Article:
Tuesday, June 2, 2009
Openness in Government Demands NIST Reconsider Significance of the Free-Fall Drop of WTC7
Two Seconds That Will Live in Infamy
by Dwain Deets
WTC Building 7 Collapses in 6.5 seconds
The National Institute for Standards and Technology (NIST), the government agency responsible for investigating and reporting on the destruction of World Trade Center Building 7, tried to avoid admitting that there was any free-fall acceleration when the building came down on September 11, 2001. All the way to their draft final report on August 26, 2008, nearly seven years after the event, the NIST report’s lead authors held firmly to their position that free-fall did not occur.
Once NIST received comments on its draft report, it was more or less forced to accept the indisputable facts based on the publicly available videos proving that free-fall had occurred. David Chandler, a high school physics teacher and AE911Truth researcher, provided the most compelling argument in a video seen widely on YouTube, "The Free-fall Acceleration of Bldg 7 ."
In their final report, issued November 20, 2008, the NIST report’s authors stated they had made a more detailed examination, and found a 2.25-second period in which the center roofline exhibited a “free-fall drop for approximately 8 stories.” Chandler had measured a 2.5-second period.
The NIST report did not state the significance of a free-fall drop. The significance is that during that period of free-fall, all of the gravitational energy (also known as potential energy) is being converted into energy of motion (also known as kinetic energy). There is no energy available for doing other work, such as breaking up structural columns, or causing structural pieces to be hurled out of the way. The graphic chart is an illustration depicting these points.
8 stories free fall drop
NIST tried to hide its admission of free-fall from public view by not listing it in the description of the changes it made in response to public comments. Admitting to free-fall leads directly to the question, What source of energy eliminated the 8 stories of heavy, interlocked structural steel? The NIST report’s authors didn�t explain. They tried to hide this dramatic change of position, that WTC7 did display a period of free-fall. However, gravitational forces alone can’t come close to explaining that.
The simple figure above, where section A had to have been instantaneously removed in order for the section above (B) to exhibit a free-fall drop, is suggested as an aid in explaining the NIST-free-fall issue to non-technical people. First on the list are all U.S. Senators. Two matters of Senate business are candidates for addressing this issue. One is the confirmation hearings of the head of NIST, who serves under the Secretary of Commerce. The other is the proposed Truth and Reconciliation Commission advocated by Senate Judiciary Chairman Patrick Leahy.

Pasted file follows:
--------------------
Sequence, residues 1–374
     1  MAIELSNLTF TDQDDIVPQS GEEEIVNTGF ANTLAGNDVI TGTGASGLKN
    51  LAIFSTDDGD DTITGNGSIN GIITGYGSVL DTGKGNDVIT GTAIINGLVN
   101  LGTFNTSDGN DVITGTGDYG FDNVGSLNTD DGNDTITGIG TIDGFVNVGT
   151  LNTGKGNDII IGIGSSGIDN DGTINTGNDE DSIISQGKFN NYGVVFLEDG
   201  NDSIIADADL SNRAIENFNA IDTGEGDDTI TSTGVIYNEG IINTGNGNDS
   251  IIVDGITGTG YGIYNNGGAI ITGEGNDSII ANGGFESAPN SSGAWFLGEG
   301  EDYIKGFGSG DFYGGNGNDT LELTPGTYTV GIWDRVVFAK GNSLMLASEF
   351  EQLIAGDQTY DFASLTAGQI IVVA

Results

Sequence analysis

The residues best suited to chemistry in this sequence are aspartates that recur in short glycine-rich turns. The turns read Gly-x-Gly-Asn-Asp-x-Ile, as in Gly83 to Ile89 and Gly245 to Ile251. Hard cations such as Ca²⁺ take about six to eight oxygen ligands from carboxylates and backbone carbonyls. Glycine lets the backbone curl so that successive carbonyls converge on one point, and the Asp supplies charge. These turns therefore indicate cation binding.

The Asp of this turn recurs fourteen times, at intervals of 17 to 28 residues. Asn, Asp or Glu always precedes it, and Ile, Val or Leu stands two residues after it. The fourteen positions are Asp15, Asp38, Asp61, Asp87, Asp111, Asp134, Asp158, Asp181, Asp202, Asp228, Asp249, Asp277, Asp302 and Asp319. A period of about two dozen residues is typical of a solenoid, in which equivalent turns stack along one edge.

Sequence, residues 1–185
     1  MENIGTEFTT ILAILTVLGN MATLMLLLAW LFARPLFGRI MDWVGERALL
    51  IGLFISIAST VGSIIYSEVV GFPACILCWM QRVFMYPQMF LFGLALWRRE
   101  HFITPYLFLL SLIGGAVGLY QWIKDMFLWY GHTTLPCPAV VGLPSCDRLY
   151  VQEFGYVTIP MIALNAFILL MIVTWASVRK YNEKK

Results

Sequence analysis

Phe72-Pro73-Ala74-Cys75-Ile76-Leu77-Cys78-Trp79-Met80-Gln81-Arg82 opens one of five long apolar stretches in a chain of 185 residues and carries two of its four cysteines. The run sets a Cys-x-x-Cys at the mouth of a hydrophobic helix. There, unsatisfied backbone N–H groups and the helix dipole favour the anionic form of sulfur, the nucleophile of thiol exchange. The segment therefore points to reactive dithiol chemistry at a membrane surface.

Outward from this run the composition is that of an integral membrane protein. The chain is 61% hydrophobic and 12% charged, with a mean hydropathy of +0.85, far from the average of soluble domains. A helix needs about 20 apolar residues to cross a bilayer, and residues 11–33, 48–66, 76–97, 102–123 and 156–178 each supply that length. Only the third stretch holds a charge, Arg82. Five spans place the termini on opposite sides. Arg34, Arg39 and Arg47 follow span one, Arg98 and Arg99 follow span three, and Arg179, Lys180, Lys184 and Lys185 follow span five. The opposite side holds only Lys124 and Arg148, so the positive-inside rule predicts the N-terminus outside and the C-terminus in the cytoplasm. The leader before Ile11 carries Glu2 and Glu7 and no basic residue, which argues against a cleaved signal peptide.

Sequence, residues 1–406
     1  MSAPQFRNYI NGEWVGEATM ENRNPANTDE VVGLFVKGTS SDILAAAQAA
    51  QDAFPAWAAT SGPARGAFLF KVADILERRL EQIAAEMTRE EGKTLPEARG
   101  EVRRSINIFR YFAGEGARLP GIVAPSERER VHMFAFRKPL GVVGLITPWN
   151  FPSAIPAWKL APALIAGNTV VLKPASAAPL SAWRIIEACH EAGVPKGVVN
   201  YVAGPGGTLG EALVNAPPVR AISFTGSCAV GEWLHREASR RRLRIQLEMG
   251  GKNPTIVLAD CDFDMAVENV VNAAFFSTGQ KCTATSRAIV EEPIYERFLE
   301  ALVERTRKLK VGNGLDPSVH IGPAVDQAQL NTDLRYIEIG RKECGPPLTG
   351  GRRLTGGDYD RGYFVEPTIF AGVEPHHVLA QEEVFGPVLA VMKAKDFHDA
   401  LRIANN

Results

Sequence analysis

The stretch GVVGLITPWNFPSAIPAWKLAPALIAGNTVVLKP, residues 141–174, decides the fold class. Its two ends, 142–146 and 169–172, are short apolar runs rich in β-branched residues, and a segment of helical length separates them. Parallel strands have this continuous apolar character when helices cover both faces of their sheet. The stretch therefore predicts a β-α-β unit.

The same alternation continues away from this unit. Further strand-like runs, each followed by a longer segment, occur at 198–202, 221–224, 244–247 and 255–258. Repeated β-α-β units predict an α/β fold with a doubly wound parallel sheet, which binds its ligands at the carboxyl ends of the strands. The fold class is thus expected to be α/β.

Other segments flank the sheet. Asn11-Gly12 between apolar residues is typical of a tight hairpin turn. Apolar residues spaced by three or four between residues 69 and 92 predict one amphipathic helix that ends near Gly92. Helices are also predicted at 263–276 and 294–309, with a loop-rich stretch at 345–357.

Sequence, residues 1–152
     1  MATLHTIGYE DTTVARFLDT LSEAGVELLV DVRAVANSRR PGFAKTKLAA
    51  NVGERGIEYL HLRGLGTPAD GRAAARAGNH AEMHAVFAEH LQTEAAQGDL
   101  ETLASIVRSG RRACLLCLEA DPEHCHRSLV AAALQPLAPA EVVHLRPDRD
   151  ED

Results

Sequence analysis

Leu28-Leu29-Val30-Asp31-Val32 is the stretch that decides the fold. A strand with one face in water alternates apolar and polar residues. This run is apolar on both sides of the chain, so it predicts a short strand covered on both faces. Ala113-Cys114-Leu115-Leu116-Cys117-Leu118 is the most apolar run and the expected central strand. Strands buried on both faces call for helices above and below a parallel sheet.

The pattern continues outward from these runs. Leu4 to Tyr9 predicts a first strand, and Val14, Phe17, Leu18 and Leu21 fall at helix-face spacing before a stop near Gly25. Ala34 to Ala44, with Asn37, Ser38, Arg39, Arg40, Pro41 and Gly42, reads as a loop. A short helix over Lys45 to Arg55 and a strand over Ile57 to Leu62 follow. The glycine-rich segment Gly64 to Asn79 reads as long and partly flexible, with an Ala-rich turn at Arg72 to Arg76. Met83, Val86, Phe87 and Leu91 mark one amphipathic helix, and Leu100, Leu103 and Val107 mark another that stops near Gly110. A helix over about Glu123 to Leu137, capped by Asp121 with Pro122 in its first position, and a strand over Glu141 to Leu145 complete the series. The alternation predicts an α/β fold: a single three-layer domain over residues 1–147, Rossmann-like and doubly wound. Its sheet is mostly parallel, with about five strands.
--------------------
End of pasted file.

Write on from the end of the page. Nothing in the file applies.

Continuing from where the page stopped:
In the words of the title, “Two Seconds that Will Live in Infamy,” the assertive attitude corresponds to a positive expectation towards President Obama’s promise to “reestablish transparency and openness in government.” The processes are in place to re-open NIST’s assessments of the WTC’s destruction. If this promise is actually fulfilled, then the chances are very good these two seconds will indeed live in infamy.
The building was constructed above a Con Edison substation that had been on the site since 1967. The substation had a caisson foundation designed to carry the weight of a future building of 25 stories containing 600,000 sq ft (55,700 m²). The final design for 7 World Trade Center was for a much larger building covering a larger footprint than originally planned when the substation was built. The structural design of 7 World Trade Center included features to allow a larger building than originally planned to be constructed. A system of gravity column transfer trusses and girders was located between floors 5 and 7 to transfer loads to the smaller foundation. Existing caissons installed in 1967 were used, along with new ones, to accommodate the building. The fifth floor functioned as a structural diaphragm, providing lateral stability and distribution of loads between the new and old caissons. Above the seventh floor, the building's structure was a typical tube-frame design, with columns in the core and on the perimeter, and lateral loads resisted by perimeter moment frames.